January 20


Attorney-Client Privilege case at the Supreme Court: In Re Grand Jury | Law in Practice | Podcast 031

4 Legal English Podcast | Episode 031


On today's docket, we will discuss a case that just had oral arguments at the Supreme Court of the United States. The name of the case is In Re Grand Jury. It is quite unusual for a case to make it to the Supreme Court and the petitioner remain anonymous. The case is about attorney-client privilege and what communication(such as documents) should remain confidential and what is discoverable and needs to be released to the opposing side in a lawsuit. The crux of the argument is to replace the 'primary purpose test' with the 'significant purpose test'. We will also discuss the oral argument process at the supreme court.

You can listen to the 4 Legal English Podcast here, or anywhere where you can find podcasts!

In Re Grand Jury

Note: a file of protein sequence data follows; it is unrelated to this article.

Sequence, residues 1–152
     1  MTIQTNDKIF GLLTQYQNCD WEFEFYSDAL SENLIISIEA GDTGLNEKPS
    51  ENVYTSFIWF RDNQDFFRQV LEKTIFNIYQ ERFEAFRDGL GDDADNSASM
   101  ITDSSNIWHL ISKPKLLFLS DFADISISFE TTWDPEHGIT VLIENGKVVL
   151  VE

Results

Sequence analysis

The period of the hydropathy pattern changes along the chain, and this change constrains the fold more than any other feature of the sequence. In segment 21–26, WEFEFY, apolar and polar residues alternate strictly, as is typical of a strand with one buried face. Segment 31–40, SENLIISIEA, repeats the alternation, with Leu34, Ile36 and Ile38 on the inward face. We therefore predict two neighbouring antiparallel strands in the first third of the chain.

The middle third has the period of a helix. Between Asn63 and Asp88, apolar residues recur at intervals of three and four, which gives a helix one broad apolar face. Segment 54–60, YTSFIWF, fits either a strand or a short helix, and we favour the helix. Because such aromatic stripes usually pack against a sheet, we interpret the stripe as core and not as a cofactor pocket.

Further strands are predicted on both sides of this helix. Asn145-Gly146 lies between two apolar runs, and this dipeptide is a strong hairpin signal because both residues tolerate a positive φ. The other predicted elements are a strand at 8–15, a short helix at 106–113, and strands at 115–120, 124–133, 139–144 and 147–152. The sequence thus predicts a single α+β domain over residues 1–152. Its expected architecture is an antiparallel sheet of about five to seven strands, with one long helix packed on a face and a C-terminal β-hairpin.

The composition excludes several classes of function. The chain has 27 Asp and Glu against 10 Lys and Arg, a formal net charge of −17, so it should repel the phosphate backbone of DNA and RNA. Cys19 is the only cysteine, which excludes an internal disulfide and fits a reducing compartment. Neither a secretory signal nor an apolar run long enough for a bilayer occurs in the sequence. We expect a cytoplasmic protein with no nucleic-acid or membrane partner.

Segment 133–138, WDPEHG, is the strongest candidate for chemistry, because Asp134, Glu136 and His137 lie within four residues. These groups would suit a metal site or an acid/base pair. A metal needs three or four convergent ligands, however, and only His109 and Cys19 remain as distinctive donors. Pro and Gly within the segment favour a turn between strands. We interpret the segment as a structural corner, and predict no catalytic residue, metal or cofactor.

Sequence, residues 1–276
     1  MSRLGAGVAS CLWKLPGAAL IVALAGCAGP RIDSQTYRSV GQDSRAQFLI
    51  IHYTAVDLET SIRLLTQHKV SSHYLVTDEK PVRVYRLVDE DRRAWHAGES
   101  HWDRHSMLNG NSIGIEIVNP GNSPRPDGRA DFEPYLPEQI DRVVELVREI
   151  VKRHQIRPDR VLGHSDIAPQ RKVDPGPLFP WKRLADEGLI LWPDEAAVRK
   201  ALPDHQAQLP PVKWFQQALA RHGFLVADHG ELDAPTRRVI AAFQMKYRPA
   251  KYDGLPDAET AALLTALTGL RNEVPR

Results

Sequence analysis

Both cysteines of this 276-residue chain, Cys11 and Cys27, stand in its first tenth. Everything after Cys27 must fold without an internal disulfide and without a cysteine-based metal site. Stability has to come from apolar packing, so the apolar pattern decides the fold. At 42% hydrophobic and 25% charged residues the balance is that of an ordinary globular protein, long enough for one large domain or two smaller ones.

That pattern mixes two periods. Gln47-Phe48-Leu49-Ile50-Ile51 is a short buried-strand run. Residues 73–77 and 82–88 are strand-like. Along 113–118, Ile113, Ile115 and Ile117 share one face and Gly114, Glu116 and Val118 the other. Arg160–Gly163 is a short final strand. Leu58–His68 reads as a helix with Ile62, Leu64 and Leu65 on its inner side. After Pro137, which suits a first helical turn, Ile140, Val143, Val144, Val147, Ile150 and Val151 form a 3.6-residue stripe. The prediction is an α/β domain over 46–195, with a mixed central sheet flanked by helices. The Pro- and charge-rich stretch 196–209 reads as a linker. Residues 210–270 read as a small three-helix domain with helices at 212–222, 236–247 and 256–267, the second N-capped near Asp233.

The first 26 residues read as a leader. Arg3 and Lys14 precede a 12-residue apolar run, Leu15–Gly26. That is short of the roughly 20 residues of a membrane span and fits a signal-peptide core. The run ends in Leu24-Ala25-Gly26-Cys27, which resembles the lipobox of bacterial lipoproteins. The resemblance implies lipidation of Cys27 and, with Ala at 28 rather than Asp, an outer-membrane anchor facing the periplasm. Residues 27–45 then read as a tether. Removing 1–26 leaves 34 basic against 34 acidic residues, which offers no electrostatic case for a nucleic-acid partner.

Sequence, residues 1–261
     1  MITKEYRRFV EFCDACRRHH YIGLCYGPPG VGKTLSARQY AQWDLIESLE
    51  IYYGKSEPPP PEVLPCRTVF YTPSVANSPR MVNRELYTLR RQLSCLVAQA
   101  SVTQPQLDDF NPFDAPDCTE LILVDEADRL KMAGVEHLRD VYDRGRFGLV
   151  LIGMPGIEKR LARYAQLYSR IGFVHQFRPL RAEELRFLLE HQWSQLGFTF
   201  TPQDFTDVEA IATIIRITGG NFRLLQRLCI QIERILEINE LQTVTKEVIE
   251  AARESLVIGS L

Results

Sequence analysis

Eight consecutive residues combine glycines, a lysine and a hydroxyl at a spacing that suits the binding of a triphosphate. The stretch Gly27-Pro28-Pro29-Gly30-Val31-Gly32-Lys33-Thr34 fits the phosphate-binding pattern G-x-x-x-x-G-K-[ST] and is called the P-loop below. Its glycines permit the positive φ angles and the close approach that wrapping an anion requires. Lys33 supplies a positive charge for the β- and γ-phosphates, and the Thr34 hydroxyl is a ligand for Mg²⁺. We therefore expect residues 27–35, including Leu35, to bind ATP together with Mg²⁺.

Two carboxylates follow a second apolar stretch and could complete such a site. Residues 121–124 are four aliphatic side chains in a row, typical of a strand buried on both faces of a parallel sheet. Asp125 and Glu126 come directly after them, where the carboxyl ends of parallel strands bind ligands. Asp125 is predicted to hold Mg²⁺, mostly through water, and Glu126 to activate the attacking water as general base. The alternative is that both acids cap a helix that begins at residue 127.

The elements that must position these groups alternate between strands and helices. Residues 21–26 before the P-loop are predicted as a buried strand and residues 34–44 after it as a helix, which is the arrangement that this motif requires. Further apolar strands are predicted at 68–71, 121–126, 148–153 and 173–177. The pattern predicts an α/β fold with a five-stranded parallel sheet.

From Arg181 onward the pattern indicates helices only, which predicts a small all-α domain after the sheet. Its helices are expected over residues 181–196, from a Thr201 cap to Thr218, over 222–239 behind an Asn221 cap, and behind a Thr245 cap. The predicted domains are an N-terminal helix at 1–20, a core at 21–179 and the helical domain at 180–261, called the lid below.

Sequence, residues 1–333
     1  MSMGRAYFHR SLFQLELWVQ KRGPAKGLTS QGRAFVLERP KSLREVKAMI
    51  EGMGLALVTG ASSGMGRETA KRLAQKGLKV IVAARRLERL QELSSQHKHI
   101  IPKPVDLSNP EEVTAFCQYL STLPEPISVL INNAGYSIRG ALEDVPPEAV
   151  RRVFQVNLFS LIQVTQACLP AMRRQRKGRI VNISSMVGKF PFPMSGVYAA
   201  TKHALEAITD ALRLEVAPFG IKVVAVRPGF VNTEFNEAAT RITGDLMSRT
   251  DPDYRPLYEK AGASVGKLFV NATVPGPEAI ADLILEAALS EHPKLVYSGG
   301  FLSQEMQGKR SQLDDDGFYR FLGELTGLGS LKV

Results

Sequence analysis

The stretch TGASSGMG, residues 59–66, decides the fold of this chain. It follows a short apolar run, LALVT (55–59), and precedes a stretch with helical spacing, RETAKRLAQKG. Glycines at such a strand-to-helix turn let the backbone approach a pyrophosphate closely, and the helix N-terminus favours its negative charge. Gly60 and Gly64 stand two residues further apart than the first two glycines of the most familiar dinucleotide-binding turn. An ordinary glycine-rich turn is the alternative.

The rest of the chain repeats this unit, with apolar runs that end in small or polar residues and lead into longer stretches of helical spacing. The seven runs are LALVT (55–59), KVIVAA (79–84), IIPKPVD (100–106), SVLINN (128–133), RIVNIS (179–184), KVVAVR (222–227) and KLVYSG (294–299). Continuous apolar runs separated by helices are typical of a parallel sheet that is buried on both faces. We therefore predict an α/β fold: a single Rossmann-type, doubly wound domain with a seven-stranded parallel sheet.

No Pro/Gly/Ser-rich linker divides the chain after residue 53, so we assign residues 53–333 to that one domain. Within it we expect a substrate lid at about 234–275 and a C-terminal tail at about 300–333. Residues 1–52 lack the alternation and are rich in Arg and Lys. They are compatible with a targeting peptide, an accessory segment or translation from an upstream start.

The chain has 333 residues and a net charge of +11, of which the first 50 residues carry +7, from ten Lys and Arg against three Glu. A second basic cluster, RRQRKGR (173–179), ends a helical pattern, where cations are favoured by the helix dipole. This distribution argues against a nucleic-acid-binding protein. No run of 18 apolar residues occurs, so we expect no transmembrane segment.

Legal Issue

The legal issue of the case is to what is the correct test the court should apply when determining if communication is covered under the attorney-client privilege or not.

The Petitioner is asking to reverse the 9th Circuit Court decision and adopt the 'significant purpose test' (instead of the primary purpose test). On this issue, there is a circuit-split (i.e., some circuits are applying a different test then other circuits. This is a common reason for the Supreme Court to accept a case, in order to resolve this circuit split.)

Lexicon Words

  • bona fide
  • disclose / disclosure
  • good faith
  • grand jury
  • In Re
  • legitimate
  • Oral Arguments
  • privilege
  • privileged communications
  • proponent
  • redact / redactions

Links & Resources

Some of the sources used for this episode, as well as other links that may be helpful.

  1. The Supreme Court's website provides both the audio and a transcript of the oral argument
  2. The case on SCOTUSBlog is here
  3. The case on Oyez is here
  4. Reuters article here
  5. A law firm's, K&L, take on the case

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4 Legal English Podcast

What do you think? Which side has the better argument? How does attorney-client communication work in your jurisdiction? 

Are there any terms from the podcast you would like further explained? Comment below!

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Criminal Law, SCOTUS

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